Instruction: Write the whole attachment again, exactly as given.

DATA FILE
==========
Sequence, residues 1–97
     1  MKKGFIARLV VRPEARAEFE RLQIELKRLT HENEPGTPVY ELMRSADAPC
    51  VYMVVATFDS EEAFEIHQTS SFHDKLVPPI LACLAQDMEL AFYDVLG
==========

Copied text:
Sequence, residues 1–97
     1  MKKGFIARLV VRPEARAEFE RLQIELKRLT HENEPGTPVY ELMRSADAPC
    51  VYMVVATFDS EEAFEIHQTS SFHDKLVPPI LACLAQDMEL AFYDVLG